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Sword of the Feral Beast

  • Genre: Werewolf
  • Author: dome
  • Chapters: 48
  • Status: Ongoing
  • Age Rating: 18+
  • 👁 94
  • 7.5
  • 💬 0


"Sword of the Feral Beast" is a tale about an epic journey of vengeance undertaken by a beastman and a sub-beast, battling monsters along their path. The story revolves around Hua Yi, a once-in-a-millennium silver-patterned beastman, who, burdened with the annihilation of his clan, feigns ignorance and clumsiness. Alongside him is Chang An, a young sub-beast also carrying the weight of his tribe's destruction. Despite being born with inherent deficiencies, Chang An is fiercely determined and undergoes a remarkable transformation, achieving a perfect counterattack. Together, these two protagonists, each haunted by their tragic pasts, forge a bond and embark on a perilous quest for retribution. Their journey is fraught with challenges, but it's also a path of growth and self-discovery, as they confront not only external enemies but also their inner demons. This narrative weaves a complex web of emotions, including pain, anger, and the indomitable spirit of overcoming adversity.

chapter 1

In Chang'an

A woman's scream arises only under non-lethal threat or injury, for extreme fear and despair render one voiceless.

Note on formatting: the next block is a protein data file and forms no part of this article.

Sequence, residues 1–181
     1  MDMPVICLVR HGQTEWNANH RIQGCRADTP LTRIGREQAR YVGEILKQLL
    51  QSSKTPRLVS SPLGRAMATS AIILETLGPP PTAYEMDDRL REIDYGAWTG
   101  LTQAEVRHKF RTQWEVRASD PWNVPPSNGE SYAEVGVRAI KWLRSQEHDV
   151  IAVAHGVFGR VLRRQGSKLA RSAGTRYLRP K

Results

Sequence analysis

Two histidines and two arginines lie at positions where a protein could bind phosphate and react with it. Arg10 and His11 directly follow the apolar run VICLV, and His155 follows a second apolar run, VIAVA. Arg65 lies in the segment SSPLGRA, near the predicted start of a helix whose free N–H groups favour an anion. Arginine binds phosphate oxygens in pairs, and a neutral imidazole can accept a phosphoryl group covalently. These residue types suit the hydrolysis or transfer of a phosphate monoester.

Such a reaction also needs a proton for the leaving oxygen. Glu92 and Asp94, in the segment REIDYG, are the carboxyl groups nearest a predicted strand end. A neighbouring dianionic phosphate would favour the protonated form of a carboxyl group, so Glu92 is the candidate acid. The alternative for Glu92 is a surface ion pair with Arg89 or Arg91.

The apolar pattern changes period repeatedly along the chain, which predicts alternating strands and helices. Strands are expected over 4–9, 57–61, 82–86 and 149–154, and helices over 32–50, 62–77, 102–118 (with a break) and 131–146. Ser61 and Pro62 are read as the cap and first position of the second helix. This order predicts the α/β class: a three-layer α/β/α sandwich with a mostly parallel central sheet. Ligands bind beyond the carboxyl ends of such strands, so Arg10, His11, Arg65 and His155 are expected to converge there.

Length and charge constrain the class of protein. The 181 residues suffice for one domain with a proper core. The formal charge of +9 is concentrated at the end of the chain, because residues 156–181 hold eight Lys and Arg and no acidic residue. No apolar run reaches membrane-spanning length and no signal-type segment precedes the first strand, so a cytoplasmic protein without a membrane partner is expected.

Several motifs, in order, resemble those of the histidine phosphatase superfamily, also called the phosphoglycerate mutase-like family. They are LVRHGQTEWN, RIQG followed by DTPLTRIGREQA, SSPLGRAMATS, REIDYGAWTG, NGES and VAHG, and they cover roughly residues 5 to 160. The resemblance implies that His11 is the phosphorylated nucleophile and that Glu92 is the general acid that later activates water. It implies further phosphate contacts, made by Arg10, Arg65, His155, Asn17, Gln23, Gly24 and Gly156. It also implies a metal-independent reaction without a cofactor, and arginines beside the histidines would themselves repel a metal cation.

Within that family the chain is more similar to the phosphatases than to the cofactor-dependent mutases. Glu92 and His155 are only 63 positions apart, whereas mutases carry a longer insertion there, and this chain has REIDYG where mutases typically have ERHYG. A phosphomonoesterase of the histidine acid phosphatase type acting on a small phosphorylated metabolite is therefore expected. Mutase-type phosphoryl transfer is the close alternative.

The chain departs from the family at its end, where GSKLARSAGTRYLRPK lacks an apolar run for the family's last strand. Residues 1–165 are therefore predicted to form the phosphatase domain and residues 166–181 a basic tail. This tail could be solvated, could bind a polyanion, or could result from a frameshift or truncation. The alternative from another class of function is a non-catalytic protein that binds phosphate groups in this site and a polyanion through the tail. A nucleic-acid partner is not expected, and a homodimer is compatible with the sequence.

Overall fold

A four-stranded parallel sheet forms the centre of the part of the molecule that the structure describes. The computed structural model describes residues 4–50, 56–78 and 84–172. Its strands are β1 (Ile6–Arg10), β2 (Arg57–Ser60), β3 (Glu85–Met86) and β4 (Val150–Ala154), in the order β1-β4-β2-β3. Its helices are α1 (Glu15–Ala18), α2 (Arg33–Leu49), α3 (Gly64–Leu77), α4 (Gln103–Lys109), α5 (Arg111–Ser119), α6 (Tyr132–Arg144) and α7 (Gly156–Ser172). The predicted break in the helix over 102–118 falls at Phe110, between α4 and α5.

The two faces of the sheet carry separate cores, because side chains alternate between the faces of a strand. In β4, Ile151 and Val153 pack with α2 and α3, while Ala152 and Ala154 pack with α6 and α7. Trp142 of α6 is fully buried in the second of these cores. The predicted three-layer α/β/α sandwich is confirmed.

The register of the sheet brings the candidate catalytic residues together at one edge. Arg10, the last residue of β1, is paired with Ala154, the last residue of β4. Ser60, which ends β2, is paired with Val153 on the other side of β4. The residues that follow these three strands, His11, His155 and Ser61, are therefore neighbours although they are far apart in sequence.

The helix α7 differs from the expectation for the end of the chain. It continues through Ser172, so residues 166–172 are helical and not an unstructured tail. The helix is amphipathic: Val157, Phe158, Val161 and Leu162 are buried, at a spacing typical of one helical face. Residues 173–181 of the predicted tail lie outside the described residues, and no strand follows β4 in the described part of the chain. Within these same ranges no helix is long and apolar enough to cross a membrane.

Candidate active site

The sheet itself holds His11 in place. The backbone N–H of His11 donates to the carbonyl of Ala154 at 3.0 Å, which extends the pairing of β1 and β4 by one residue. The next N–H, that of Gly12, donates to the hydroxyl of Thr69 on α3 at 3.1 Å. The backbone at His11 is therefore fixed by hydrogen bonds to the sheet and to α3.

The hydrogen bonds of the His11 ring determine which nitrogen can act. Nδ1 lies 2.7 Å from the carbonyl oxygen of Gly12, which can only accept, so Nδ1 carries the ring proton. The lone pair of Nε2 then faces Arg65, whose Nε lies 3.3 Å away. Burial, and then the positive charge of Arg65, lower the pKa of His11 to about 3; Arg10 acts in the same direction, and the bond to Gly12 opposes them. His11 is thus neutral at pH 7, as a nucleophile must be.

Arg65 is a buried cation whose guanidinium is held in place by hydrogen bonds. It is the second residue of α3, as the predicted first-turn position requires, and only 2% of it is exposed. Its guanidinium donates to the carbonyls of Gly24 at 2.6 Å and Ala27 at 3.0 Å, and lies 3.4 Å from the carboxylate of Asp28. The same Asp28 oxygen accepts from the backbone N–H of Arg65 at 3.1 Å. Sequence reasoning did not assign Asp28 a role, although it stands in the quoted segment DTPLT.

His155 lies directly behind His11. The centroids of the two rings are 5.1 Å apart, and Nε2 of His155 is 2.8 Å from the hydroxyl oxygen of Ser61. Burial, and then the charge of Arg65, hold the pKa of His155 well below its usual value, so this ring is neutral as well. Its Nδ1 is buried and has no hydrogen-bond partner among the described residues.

In a corner, a hunched, ragged old man crouches, his leg bitten off mid-thigh, leaving a nauseating mix of blood and pus. His eyes, though, shine unnaturally bright beneath wrinkled, pigment-heavy lids. Deep brown irises emit a strange, frenzied light as he stares skyward.

The night sky is startlingly clear, the milky way a tranquil ribbon across the heavens.

His lips, dry and cracked, twist into a cold smile.

Nearby, a beast violates a woman. Her chest is torn open, her body half-submerged in blood, her long, black hair sticking to her exposed skin. After an initial, rusted-metal-on-rough-hide scream, she falls silent, perhaps already dead.

Who can tell?

The old man, his face twisted in a mad, terrifying grin, turns to the beast. His tribe has fallen, the victors' method clear: slay all men, behead them, their heads borne like rotten fruit; roast children's bodies for their fat; leave women and girls for their vile pleasures.

The beast, scarred and red-eyed, its grotesque form pulsating, carelessly wounds the woman further, drooling, panting with a fishy stench.

The old man's dry eyes suddenly brim with tears, carving paths through the wrinkles. He turns away, unable to bear the sight, yet spies a pair of eyes in a bush nearby. A baby, hidden by his dying parents in dense shrubbery, unspotted by the invaders.

This child, born prematurely amidst tribal warfare, weak and sickly, struggles even to nurse. A boy without the tribal beast-mark, destined for neither transformation nor combat prowess.

Unnamed by his parents, the baby, wise beyond his age, lies silently curled in the bush, unnoticed but for his large, striking eyes.

The old man, cautiously, tosses a small bone token towards the baby. The movement catches the beast's attention, but it dismisses the old man with contempt.

Ensuring he's unobserved, the old man returns his gaze to the infant, who ingeniously hooks the token with his tiny fingers, instinctively bringing it to his mouth.

Such a clever child, the old man thinks, wishing he could survive.